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New GMO rice variety could cut arsenic exposure in food

| November 21, 2018

Arsenic accumulation in rice grains is one of the serious agricultural issues in India. To address this, researchers at Lucknow-based CSIR-National Botanical Research Institute have developed transgenic rice by inserting a novel fungal gene, which results in reduced arsenic accumulation in rice grain.

In their latest study, researchers have cloned Arsenic methyltransferase (WaarsM) gene from a soil fungus, Westerdykellaaurantiaca, and inserted the same into the rice genome with the help of Agrobacterium tumefaciens, a soil bacterium which has natural ability to alter the plant’s genetic makeup.

The newly developed transgenic rice along with normal rice was then treated with arsenic. Comparison of transgenic and non-transgenic rice showed that transgenic plants accumulated less arsenic in root as well as shoot as compared to non-transgenic lines.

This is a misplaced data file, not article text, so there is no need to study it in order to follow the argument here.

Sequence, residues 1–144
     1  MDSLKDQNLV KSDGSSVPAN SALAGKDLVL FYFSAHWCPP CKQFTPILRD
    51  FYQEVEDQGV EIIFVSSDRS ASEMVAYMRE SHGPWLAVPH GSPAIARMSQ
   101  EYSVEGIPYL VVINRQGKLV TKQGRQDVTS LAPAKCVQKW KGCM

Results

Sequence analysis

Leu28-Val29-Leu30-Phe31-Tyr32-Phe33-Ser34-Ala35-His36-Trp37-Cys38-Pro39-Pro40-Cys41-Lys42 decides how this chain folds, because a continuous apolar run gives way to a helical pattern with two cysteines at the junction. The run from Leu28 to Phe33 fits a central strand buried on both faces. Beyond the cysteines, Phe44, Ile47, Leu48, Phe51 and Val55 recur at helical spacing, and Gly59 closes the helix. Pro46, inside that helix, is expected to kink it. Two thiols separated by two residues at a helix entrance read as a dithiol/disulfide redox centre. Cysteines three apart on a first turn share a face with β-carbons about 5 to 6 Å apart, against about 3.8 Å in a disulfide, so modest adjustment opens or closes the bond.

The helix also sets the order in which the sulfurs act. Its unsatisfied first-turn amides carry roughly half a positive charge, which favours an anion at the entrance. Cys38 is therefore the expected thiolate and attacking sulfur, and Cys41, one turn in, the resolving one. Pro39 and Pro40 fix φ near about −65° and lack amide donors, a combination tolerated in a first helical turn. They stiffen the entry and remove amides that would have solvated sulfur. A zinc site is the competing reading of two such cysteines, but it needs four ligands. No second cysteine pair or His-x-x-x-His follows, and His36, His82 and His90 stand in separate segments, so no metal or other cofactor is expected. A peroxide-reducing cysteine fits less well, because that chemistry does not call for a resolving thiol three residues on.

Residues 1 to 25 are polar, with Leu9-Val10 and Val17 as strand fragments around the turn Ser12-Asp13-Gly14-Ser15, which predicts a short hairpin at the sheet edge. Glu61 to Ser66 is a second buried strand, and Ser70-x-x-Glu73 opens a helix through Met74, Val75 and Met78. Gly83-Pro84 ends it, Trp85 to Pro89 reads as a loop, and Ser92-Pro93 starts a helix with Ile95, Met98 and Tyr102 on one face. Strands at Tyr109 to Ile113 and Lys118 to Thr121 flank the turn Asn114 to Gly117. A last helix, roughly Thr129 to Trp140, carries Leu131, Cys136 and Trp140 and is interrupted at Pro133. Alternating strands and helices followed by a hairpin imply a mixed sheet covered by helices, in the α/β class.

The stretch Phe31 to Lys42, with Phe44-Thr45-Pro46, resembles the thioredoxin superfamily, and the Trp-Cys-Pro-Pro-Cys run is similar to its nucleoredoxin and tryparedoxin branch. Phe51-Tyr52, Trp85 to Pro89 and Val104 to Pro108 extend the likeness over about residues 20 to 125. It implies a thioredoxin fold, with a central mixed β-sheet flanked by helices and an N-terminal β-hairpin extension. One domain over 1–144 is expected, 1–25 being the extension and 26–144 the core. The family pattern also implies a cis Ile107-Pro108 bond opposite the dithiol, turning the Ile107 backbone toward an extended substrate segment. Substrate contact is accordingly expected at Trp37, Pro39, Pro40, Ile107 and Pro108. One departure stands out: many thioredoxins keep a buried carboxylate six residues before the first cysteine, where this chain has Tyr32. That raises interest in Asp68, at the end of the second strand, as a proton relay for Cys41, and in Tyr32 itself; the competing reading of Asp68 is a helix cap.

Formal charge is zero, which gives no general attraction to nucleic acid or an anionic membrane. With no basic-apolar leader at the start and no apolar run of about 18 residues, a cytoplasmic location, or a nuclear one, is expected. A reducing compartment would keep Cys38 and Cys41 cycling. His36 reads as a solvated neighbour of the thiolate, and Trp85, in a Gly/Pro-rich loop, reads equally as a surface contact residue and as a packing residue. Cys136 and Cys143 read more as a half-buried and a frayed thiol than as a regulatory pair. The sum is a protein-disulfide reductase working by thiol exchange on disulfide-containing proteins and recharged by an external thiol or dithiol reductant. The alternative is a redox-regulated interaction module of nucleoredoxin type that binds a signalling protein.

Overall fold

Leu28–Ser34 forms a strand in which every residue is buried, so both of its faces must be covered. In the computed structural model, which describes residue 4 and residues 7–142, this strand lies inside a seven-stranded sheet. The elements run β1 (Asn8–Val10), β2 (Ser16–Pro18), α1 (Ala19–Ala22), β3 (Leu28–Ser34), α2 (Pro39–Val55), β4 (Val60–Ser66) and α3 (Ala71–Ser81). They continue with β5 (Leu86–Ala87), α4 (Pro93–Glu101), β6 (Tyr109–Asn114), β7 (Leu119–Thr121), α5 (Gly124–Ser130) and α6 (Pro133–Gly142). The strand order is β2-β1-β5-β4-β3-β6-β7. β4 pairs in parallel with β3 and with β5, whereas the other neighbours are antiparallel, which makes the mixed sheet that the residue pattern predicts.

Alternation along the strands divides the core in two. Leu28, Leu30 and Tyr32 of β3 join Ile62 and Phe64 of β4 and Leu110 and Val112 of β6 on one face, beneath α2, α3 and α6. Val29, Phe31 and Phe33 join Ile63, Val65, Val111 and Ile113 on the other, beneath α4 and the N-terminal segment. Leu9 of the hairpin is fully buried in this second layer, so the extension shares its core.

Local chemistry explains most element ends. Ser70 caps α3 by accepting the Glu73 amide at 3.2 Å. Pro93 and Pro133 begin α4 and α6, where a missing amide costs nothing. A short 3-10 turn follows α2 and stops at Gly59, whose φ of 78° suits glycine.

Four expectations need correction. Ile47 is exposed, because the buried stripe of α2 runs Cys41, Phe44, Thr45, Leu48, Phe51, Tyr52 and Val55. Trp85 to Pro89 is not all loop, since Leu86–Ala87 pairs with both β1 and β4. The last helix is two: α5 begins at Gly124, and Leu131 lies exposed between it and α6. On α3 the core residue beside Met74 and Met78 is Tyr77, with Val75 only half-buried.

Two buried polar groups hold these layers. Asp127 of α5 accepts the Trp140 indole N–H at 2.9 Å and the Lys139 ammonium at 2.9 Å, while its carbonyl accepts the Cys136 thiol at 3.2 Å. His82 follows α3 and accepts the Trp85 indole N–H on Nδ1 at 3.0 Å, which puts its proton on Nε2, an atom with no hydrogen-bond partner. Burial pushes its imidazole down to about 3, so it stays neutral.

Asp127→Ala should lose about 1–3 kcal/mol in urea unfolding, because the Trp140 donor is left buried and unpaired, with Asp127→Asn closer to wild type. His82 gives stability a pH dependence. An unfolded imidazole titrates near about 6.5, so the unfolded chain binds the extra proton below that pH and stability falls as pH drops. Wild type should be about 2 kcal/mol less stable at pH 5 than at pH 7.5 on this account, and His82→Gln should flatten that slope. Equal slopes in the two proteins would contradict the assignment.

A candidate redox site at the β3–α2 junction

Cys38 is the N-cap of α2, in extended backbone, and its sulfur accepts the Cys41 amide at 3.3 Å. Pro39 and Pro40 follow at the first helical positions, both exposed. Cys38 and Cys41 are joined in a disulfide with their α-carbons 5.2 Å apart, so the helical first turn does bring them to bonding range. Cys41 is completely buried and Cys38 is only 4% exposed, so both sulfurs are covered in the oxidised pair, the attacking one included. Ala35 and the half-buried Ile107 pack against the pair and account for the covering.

Related article:  Glyphosate in wine and cereal? Why dubious detection methods undermine GMO scare claims

“Our study provides an understanding into arsenic transport mechanism in plants, predominantly rice grain. This knowledge can be applied to develop practices to decrease accumulation of arsenic in rice grain by molecular breeding, gene editing or transgenic approaches. It can have tremendous public health consequences,” explained Debasis Chakarabarty, [one of the study’s authors].

Read full, original article: Researchers develop transgenic rice with reduced arsenic accumulation

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